Should You Invest When You Have Student Loan Debt?

 Mirah Gocher

July 17, 2018

The day you threw your cap in the air and rejoiced about graduating was likely accompanied by a short-lived feeling of euphoria and relief. When your cap came back down to the ground and reality set in, you might have experienced the sinking feeling of, what now? Combine that thought with a crushing average of $39,400 of student loan debt post-graduation, and you’re off to a stressful start to your future.

There’s no doubt that student debt is a staggering issue in the United States. According to Student Loan Hero, student debt is up 6% with a total of $1.4 trillion dollars of debt owed by 44 million borrowers across the country.

As post-secondary education is a hefty investment, debt has shied many people away from pursuing other investment opportunities. The possibility that investing could even be a strategy to reduce debt is unheard of by most. While investing with student loan debt is not the best decision for anyone, it might be the right choice for you depending on a few important factors.

Income is Important

The general rule of thumb when it comes to managing debt is that your payments shouldn’t exceed 36% of your monthly income. That leaves 64% of your pre-tax income for all other expenses, including necessities and emergencies.

Various factors, such your total debt and your other financial commitments, influence how much you will hypothetically be able to invest; ultimately, the answer lies in your income. While putting away 10% towards investing and having 54% of your income to live on might be sustainable for those with an $100,000 annual salary, that might not be the case for those bringing in $40,000.

As these important financial circumstances can vary depending on the individual, we recommend creating a comprehensive budgeting plan that considers all elements of your financial situation. Once you’ve analyzed your cash inflows and outflows, you’ll have a clear picture of how much you could hypothetically contribute towards investing.

Pay Your Minimums

If you’ve ever heard the age-old advice of paying yourself first, you’ll understand what we mean when we say pay your debt minimum first. The last thing you want is to file for a loan default, so be sure that the first thing you do each month is pay your minimum.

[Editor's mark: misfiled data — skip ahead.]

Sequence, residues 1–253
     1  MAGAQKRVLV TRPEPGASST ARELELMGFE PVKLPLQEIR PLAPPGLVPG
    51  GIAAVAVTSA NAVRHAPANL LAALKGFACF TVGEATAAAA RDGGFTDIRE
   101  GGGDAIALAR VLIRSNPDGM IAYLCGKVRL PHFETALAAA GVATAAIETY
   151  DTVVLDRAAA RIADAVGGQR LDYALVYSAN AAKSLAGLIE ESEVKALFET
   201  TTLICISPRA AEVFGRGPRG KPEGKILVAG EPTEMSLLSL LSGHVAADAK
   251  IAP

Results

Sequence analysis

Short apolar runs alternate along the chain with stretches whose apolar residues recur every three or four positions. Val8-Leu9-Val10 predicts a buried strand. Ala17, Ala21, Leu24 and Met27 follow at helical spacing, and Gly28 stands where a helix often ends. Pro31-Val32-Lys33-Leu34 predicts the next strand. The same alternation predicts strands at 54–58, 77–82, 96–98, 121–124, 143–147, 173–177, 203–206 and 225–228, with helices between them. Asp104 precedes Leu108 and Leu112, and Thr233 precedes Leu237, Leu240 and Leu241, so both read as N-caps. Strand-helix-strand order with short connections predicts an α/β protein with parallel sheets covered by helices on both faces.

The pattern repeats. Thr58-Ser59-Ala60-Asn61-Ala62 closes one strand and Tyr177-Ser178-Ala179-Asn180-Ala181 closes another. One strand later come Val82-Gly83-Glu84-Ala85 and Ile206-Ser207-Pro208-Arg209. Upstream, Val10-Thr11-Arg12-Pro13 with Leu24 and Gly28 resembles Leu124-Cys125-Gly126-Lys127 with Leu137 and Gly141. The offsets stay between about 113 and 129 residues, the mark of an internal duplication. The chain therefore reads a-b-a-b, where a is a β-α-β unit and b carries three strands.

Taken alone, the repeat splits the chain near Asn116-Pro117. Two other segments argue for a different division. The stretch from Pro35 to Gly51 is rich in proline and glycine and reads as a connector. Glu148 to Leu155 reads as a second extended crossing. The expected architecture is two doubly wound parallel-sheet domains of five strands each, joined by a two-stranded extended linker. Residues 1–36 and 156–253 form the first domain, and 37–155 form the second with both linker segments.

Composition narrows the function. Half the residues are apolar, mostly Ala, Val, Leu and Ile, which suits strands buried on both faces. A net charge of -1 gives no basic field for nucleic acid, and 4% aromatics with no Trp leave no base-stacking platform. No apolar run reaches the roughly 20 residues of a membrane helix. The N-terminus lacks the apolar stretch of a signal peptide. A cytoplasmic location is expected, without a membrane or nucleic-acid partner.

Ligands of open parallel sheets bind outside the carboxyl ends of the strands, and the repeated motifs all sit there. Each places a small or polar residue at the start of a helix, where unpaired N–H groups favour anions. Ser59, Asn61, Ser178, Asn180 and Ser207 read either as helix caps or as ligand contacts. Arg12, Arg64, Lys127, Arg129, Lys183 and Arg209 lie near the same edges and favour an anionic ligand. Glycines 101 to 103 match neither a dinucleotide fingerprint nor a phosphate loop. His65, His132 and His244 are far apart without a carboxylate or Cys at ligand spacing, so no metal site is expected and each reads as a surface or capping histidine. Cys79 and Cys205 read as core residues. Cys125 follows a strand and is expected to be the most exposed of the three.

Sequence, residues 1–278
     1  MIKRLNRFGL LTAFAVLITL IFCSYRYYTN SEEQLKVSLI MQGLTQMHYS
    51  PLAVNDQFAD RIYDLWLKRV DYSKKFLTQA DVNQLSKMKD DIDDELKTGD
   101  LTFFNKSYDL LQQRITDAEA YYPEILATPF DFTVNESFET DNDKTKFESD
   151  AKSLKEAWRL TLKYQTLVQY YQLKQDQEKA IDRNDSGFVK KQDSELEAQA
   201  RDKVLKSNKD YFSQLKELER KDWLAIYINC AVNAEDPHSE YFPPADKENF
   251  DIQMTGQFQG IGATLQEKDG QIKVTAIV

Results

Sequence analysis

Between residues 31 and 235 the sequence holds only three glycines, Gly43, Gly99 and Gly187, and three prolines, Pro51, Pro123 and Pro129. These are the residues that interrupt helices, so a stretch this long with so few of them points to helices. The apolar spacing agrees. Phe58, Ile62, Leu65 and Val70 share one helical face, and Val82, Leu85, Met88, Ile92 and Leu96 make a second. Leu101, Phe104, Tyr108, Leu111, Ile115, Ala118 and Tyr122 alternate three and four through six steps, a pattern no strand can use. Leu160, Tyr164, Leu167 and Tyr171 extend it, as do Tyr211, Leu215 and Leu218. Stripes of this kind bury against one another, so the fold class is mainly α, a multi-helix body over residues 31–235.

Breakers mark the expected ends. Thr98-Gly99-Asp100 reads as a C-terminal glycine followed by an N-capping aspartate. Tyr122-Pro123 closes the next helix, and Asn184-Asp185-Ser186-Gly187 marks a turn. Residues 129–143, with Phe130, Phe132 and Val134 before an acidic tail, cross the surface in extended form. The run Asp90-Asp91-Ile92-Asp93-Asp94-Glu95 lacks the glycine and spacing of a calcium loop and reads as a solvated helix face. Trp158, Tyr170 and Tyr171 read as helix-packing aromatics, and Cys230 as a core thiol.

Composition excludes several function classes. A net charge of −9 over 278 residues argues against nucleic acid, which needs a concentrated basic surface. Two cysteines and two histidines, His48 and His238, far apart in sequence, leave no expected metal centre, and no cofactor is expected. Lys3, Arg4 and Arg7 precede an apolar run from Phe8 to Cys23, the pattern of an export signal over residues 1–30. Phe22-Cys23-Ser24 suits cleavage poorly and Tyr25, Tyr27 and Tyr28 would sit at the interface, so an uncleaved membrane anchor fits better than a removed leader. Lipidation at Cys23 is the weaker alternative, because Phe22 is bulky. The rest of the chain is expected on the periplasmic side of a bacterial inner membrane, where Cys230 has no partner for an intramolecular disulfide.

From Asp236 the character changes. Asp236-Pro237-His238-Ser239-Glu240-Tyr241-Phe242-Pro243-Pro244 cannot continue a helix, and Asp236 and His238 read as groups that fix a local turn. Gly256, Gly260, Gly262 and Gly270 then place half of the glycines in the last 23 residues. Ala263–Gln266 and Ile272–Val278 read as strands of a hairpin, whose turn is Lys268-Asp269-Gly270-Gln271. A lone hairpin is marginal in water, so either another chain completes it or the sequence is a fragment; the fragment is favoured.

Once you’ve paid your monthly minimum and created a comprehensive budgeting plan, you’re in a good position to determine where your remaining money could best be put to work.

Let’s say your investment minimum is $100 and you’ve worked out a budget that makes investing an additional $100 per month an option. Now you need to decide if contributing that additional $100 towards higher debt payments or investing in your portfolio would be most beneficial. On one hand, you could double your debt payments and speed up the payback process; on the other, you could invest that money and potentially earn returns that could fast track your finances. Though there are several important factors to consider here, there’s one important indicator in particular: compound interest.

Compound Interest is Everything

When you have student loan debt, you’re paying interest. When you make investments, you’re getting interest. To determine if you should be putting more money towards debt first, or funnelling it into equity investments, you have to look at interest.

Generally speaking, the easiest strategy is to look at your losses compared to your gains. If the interest you gain from investments is lower than your interest payments on debt, then it’s probably best to focus on paying back your debts before you start investing. On the flip side, if your interest gains from investments are greater than your interest payments, investing can be a great strategy for debt repayment. You can use a handy calculator that compares student loan vs. investment interest to determine what situation you’re in.

The Bottom Line

At the end of the day, the goal is to determine the smartest way to make your money work best for you. Whether or not you should invest with student loan debt is entirely based on your own financial situation, and should be decided on accordingly.

That said, there’s a good chance you have friends dealing with similar student loan debt. If you all decide that investing could be a smart financial decision, starting an investment club is a great way to reach your goals. Pool your money, resources, and time together in an investment club to save on trading fees and make collaborative decisions. When you’re working together towards a common goal, there’s no limit to what you can accomplish.

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